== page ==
Viewpoint: Bus Industry Remains Stalled without Pandemic Relief Funds
Washington Business Journal
February 11, 2022
Thousands of small, family-owned businesses could be forced to shut down, and nearly 100,000 jobs will be impacted if Congress doesn’t act now. Motorcoach companies, nearly all of which are small businesses and many are minority-owned, have always supported themselves, never asking for help. However, the circumstances are dire, and these businesses need a lifeline to stay alive. I urge Congress to provide Covid relief money to those in the bus industry who are doing everything they can to keep their family businesses afloat.
As a result of the global pandemic, in December 2020, Congress provided some initial support to the bus industry, but that money covered only a fraction of the losses the industry has endured. The once-thriving $15.3 billion bus industry has shrunk to just $2.6 billion in 2020. Many do not realize that, prior to the pandemic, the bus industry transported nearly 600 million passengers in the U.S. annually. This makes up a significant portion of the nation’s transportation infrastructure, where trains only transport about 32.5 million people and airlines transport about 800 million people domestically. While others in the transportation industry grab the headlines, it’s small businesses in the bus industry that are doing a fair share of the work.
For example, D.C. Trails is a family-owned company that has made difficult choices during the pandemic. An essential partner for the Department of Defense, transporting servicemen and women to and from military bases, D.C. Trails had to significantly downsize the company, so much so that the owner was forced to take to driving buses himself to stay afloat. Faced with the uncertainty about the business and trying to save others jobs, he was and is willing to do whatever it takes to keep the buses running.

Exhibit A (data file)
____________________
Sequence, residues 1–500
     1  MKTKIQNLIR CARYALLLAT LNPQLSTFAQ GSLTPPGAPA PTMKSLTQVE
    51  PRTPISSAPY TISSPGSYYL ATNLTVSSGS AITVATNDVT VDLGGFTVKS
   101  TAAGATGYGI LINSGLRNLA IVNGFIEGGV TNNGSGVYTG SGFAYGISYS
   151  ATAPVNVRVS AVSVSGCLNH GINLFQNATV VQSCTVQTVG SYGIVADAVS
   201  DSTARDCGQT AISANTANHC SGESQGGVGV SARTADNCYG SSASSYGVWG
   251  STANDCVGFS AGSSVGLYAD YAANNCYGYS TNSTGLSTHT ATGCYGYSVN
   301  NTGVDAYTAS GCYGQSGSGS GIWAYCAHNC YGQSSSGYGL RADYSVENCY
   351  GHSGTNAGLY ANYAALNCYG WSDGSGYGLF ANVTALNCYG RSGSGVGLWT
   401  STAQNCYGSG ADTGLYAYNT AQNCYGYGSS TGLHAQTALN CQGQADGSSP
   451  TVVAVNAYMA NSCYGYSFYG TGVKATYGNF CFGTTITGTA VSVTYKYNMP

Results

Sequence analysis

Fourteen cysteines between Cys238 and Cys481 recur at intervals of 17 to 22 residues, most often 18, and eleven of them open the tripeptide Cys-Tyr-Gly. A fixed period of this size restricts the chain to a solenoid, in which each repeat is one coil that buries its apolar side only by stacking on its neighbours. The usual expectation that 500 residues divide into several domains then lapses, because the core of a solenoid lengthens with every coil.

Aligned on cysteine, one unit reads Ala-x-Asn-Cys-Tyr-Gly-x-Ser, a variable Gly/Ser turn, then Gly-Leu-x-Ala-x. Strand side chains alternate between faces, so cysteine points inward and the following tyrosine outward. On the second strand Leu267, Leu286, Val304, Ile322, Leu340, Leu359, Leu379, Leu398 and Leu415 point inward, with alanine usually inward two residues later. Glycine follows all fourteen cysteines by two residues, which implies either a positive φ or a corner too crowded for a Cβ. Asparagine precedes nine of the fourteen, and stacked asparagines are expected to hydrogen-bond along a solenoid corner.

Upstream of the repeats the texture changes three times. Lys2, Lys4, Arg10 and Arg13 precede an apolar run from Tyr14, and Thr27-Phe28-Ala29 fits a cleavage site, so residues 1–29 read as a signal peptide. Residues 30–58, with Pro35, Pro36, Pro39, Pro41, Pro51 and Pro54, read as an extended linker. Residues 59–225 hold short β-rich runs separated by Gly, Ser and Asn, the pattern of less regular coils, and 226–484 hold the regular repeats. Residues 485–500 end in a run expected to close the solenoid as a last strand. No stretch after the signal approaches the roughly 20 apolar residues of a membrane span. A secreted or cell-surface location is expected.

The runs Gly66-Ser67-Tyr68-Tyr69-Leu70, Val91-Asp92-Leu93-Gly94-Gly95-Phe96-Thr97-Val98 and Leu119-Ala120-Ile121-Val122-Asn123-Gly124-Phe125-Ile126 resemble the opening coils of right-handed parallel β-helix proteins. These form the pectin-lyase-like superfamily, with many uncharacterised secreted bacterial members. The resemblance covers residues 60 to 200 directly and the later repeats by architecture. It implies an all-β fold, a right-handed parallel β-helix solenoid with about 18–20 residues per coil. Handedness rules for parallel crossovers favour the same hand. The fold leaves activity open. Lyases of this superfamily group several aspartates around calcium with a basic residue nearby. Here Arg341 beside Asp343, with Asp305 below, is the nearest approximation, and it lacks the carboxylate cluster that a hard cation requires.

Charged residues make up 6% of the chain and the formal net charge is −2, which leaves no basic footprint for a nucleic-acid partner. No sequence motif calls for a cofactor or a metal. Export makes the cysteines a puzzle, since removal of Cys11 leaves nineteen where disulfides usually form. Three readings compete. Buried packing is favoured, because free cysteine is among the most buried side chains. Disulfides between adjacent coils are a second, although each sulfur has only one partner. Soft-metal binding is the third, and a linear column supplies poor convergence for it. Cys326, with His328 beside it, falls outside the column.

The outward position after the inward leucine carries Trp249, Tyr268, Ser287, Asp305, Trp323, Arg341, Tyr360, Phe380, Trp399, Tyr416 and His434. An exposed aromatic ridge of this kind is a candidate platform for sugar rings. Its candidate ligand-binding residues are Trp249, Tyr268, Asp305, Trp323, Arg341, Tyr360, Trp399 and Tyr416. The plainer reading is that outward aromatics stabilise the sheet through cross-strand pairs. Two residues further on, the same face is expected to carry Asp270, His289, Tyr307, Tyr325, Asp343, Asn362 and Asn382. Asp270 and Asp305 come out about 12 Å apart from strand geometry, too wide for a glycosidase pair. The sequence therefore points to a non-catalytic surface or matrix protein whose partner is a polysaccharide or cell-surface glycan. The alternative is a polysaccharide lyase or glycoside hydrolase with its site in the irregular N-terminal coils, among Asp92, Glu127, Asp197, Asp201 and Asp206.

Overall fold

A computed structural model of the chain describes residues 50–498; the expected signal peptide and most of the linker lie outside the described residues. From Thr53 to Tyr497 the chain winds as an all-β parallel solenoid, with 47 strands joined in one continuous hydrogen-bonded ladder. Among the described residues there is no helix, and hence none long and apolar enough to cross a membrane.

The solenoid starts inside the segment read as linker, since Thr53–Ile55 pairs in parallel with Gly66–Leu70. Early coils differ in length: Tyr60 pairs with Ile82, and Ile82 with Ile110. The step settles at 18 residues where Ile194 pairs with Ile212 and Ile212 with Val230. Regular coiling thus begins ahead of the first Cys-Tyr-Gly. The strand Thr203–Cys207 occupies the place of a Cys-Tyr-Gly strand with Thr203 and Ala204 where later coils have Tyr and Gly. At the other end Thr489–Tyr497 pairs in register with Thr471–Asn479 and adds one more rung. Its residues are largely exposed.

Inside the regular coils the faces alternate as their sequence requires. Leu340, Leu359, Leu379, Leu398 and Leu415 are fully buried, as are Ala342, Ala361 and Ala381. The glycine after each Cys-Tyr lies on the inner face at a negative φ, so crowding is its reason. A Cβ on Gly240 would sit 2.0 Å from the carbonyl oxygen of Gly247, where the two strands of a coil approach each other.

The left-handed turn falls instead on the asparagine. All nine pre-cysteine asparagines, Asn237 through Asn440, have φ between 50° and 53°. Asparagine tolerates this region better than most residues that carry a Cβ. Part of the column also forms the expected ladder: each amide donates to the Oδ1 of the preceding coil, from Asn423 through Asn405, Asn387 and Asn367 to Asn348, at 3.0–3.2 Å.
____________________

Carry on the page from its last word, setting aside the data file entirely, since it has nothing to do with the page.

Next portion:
It’s not all about big city transportation needs, though. Bus companies also operate in rural states, oftentimes filling a gap in the transportation system and showing up when they’re needed most. Arkansas-based Little Rock Coaches lost a third of its 50 employees as a result of the pandemic. Despite this, the company sent six of its buses to Texas last September, to assist the Federal Emergency Management Agency with emergency recovery efforts in the wake of Hurricane Ida. But without support from Congress, Little Rock Coaches may not be around to aid after the next natural disaster.
In addition to family-owned bus companies, local restaurants, hotels, theaters, museums and other retail operations depend on a healthy motorcoach industry to bring them customers and to continue their business. To avoid losing all these important economic industries, Congress should urgently pass the legislative package that Sens. Ben Cardin, D-Md., and Roger Wicker, R-Miss., are leading, which would deliver roughly $60 billion in grants from the Small Business Administration. With no clear end to the pandemic in sight, those funds would provide a critical lifeline.
Small, family-owned businesses represent the best of American entrepreneurship. These companies might not make the nightly news, but they continue to struggle in the face of the never-ending pandemic. It’s high time for the corridors of power to listen to and provide small businesses, and the bus industry, the support they so desperately need — and deserve.
Peter J. Pantuso is president and CEO of the American Bus Association, based in D.C.